Last time we looked at what you should be wearing if you wanted to ride your motorcycle in cold weather. No matter what tips below, dressing properly is the most important one. If you do not dress properly, all other winter riding tips are of no use.
Your motorcycle will also need to dress up warmly for a ride in cold weather. You will not need to worry about putting on warm blankets over your bike, but you will need to be careful that your poor ride does not get frostbite.
If you have a water-cooled motorcycle, just like with a car, you will need to put in antifreeze in the radiator. If not, you will have severe problems when you have stopped and the radiator cools down.
Read your motorcycle’s maintenance manual how much, and which kind of antifreeze.
If you are riding on slicks or race tires, forget it. Just do not bother, you might just as well put on ice skates and go to a skating rink, since that is what you will be doing on your motorcycle. Make sure you have at the very least street tires fitted. Knobbies are much better, since they will bite into snow, but obviously studded tires are the best when you have got snow or ice. At the very least, normal street tires will offer better grip and reach operating temperatures much quicker than slicks.
The best oil to use during winter months is a thinner oil. They will improve performance, especially right after starting your bike. Get an oil that is made for winter, but do check your motorcycle manual which ones are recommended by the manufacturer, since not all companies allow a different oil type to be used.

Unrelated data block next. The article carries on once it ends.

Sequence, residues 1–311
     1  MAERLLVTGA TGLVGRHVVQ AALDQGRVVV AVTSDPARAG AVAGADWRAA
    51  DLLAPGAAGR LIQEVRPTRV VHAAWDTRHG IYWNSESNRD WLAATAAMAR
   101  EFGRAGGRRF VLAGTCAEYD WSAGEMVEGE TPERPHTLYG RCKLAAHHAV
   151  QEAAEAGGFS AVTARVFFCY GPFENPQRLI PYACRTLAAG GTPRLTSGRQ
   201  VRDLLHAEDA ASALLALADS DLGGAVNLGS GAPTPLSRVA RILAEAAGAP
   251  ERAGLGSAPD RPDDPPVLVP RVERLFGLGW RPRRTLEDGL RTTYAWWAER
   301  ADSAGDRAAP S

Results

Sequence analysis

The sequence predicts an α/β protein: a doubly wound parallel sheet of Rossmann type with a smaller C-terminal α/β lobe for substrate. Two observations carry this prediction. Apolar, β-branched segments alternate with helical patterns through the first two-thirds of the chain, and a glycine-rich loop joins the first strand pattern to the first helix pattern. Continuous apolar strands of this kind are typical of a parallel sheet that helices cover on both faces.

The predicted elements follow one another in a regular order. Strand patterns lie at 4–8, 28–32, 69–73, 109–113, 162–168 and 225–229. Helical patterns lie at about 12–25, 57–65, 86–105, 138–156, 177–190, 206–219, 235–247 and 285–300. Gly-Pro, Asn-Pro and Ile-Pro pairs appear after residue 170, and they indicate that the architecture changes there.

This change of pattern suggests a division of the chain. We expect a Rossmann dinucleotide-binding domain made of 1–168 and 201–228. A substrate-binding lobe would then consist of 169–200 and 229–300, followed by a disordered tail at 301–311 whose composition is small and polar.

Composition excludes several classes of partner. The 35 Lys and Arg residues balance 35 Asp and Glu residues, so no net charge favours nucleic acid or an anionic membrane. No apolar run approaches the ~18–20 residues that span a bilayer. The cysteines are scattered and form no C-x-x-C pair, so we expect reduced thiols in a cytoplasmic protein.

When shopping for oil, make sure the viscosity grade has the letter “W” next to it (e.g. 20W or 30W). The “W” denotes Winter use (source).
Protecting Your Bike
When you say winter and snow, I say salt on the roads. In most parts of the world, when it starts snowing or freezing, salt is sprayed on the roads. It’s great to ride, since the roads are far less slippery, but it does mean that you will get salt on your motorcycle, and that means corrosion. If you want to prevent this, spray some WD-40 oil on all the parts that are exposed to salt & slush, typically below your fairing, forks, engine and mudguards.
When you have finished your ride, wash off the salt from your bike. If you leave it on for the rest of the winter, chances are by spring you will find some rust spots.
It gets dark quickly, and even during daytime, it can get dark, so it’s a very good idea to make sure that your lights are in good working order. Test them out before setting off.
Mirrors (and visor)
Because of big temperature differences, it is wise to spray an anti-fogging spray on your mirrors and helmet visor.
Check the water level of your battery. If it is lower than normal, you might have a leak, and during the winter, that is not a good thing. Top it up, but make sure you close the tops firmly.
If you will be riding with heated gear, make sure your alternator can handle it. Read your motorcycle manual to see how much wattage gets generated. If the sum of what is used by riding (lights and other components) plus your heated gear exceeds the wattage supplied, your battery will run out. On its own, this will not prevent you from riding, but you will not go a long distance, and you will need to recharge your battery when you are home again.
You will need to apply brake grease to your brakes, since sludge and salt will form around the brake pins.
Next, we will look at riding tips.